Abomination

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Dec 17, 2012
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Because Anime 9/10 has terrible dialogue and exposition.

Also:
Soviet Heavy said:
Zhukov said:
I usually hear fans describing it as all super deep and symbolic and introspective.
Most who do say that are the ones who are already taking Anime a little too seriously.
It is the true shame of the genre that so much artistic talent and tackling of very mature scenarios/concepts is undermined by terrible, inorganic dialogue and narration.

Oh, and women resorting to incredible violence against men for peeking at them naked by accident.
 

Casual Shinji

Should've gone before we left.
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Jul 18, 2009
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Zhukov said:
Casual Shinji said:
Most anime have no real pension for subtlety. It's kind of the Japanese mindset.
What, really?

That's kind of strange to hear.

I don't have much experience in Japanese media and I wouldn't know a Japanese mindset if it got stuck up my nose and died there, but I usually hear fans describing it as all super deep and symbolic and introspective.
Things can still be deep and symbolic without being subtle. As a matter of fact, it's very hard to to pull off symbolism with any real subtlety. Or at least I've seen very few media pull it off.

You may not be experienced with Japanese media, but I'm sure you're well aware that Japan is a country of extremes. Same applies to most of their storytelling. They tend to leave very little to the imagination. Not when it regards anime anyway.

It may also be because anime voice acting is performed very similar to that of a Japanese radio drama.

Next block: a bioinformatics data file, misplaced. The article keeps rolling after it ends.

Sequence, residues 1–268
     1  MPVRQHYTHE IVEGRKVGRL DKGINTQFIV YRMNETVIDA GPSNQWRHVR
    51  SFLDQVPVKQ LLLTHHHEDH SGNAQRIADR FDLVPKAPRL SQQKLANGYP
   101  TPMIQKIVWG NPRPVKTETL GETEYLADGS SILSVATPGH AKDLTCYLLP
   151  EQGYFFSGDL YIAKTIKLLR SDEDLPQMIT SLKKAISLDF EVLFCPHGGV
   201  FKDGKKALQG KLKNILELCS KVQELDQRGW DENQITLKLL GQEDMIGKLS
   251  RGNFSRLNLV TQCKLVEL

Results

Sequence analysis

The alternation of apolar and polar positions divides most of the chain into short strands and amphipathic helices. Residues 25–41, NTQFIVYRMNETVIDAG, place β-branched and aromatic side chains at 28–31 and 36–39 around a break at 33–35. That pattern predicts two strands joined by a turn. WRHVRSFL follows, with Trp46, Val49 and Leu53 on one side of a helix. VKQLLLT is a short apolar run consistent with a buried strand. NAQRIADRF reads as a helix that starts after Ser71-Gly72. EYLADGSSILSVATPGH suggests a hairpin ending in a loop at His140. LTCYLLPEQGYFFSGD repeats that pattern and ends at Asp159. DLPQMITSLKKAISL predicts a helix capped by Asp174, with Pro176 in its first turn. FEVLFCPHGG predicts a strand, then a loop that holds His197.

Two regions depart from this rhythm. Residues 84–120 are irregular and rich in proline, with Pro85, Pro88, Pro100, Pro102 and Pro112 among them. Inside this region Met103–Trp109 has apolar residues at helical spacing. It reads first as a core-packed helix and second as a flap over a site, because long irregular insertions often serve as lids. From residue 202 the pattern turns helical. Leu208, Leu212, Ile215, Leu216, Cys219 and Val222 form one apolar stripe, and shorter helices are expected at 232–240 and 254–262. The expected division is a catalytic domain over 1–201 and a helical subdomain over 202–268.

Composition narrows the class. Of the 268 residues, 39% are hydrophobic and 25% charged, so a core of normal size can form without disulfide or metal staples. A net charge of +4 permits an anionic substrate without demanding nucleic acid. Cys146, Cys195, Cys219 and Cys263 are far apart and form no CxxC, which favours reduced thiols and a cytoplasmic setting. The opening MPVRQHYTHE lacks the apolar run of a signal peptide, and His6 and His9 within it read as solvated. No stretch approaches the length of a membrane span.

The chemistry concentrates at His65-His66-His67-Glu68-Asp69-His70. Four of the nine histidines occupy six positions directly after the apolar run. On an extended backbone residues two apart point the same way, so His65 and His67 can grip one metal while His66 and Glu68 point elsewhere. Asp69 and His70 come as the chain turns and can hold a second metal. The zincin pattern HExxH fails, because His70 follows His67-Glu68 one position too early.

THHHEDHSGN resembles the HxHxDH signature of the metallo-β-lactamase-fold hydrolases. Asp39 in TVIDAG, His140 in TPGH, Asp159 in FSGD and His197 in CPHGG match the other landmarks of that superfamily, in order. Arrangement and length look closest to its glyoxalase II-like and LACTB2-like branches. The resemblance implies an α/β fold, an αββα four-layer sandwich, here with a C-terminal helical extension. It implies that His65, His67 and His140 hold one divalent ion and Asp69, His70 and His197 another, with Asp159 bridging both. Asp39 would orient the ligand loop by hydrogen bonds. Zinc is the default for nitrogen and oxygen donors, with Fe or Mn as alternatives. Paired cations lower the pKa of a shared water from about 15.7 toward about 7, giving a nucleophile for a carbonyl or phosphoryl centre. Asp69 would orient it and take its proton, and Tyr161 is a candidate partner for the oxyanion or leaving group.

There is some anime with decent subtlety though, like Paranoia Agent and Princess Mononoke. And I haven't read a lot of manga, but the ones I have tend to be more subtle then the animated counterpart.
 

Guitarmasterx7

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Mar 16, 2009
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TBH i only have short here-and-there experiences with out outside of the mainstream, but yeah, characters seem prone to spit out exposition like crazy. Characters also seem to do things that make absolutely no fucking sense by human being logic all the time, so arguably the two balance each other out.

...I'm just not going to be the one to take the legitimate stance of that argument.
 

FireAza

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Aug 16, 2011
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Keep in mind guys you're talking about an entire medium here. It would be like saying American live-action films have too many explosions when your only experience with American live-action films are Michael Bay's Transformers and a few other blockbuster action movies.
 

hermes

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Mar 2, 2009
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First of all, "show, don't tell" is a trait of good screenwriting, and its not exclusive to anime to fall flat on it.

With that said, anime is based on manga (Japanese comic), where exposition is rampant and inner monologues a common tool. Some adaptations are just more "literal" than others.

Also, if things like JRPGs and MGS are any guide, Japanese do love long and exhausting exposition; there is no point in saying something once when it can be said dozens of times by different people. Maybe its a cultural difference, and the reason "show, don't tell" is not so common on them.
 

MammothBlade

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Oct 12, 2011